Autumn Statement 2014 series: Ease the pensions and tax burden on GPs

In my previous pre-Autumn Statement and pre-Budget wish-lists I have expressed concern at the increasing financial pressures on GPs and their practices, but we are still to see any meaningful action taken to stem the mass move towards early retirement and the recruitment crisis facing the profession.

 

General practice urgently requires additional funding to maintain quality, efficiency, premises and to retain key staff and doctors.

 

In my opinion we need to see incentives to encourage doctors to train for general practice and to retain senior doctors in the profession.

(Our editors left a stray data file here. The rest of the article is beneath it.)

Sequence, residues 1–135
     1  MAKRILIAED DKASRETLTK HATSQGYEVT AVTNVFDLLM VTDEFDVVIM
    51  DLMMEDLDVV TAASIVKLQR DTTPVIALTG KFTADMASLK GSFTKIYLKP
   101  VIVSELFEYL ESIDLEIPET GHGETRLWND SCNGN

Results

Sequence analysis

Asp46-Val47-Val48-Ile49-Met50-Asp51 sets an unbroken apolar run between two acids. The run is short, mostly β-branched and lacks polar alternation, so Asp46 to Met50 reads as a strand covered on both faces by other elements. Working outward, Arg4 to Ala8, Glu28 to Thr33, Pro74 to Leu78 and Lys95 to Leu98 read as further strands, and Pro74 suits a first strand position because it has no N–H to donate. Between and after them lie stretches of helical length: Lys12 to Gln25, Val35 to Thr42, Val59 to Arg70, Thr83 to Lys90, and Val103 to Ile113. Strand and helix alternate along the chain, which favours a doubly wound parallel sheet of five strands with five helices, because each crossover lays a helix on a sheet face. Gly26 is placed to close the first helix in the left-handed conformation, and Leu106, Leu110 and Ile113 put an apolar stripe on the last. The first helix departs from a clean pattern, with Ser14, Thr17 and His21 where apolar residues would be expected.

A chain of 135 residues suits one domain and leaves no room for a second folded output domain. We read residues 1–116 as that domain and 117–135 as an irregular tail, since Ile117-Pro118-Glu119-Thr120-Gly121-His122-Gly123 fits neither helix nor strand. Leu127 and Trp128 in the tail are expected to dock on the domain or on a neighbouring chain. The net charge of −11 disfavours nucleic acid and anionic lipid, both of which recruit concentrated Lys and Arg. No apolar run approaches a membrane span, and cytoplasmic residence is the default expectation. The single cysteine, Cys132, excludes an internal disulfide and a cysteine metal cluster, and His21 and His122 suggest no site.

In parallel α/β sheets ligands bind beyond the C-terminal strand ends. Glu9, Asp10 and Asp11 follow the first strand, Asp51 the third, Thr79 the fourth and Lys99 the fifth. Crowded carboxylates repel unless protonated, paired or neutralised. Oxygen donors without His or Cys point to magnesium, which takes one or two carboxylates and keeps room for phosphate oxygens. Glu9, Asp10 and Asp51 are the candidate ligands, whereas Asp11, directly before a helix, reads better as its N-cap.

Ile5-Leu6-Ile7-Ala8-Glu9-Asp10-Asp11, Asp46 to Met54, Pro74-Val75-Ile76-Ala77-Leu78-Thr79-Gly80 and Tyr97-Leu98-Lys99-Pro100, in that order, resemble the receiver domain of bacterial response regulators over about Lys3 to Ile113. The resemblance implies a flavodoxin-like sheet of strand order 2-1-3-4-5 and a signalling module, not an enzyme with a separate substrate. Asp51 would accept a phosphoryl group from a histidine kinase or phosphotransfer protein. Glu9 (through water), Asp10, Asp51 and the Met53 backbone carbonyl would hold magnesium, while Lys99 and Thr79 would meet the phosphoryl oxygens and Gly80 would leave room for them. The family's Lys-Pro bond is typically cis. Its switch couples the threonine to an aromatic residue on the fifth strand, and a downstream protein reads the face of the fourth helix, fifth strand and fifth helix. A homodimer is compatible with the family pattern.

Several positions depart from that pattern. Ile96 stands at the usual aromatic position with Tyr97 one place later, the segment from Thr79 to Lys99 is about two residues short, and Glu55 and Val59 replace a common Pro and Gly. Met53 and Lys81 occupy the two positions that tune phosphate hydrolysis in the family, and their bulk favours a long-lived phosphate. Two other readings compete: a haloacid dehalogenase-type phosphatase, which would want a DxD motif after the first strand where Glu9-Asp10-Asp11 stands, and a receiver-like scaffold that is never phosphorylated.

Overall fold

To do this the chancellor should look at the possibility of allowing members of the NHS pension scheme not to have to pension all of their earnings. He should also consider widening the 20 per cent rate tax band to give middle income professionals the incentive to reinvest in their practices to ensure they are sustainable for the future.

 

More generally, Mr Osborne could look to increase the share of the NHS budget allocated into primary care to help fund innovation and appropriate care at a local level. Meanwhile, if the private sector is to be encouraged to provide services commissioned by the NHS the costs incurred via the procurement process need to be less prohibitive.

 

I also wonder if there is an opportunity for prescription charges to be removed in England to match other parts of the UK. This might be prompted by a review into the level of service that the NHS can afford to continue to provide free at the point of delivery.

 

Debbie Wood is a partner and head of the healthcare services team at Moore and Smalley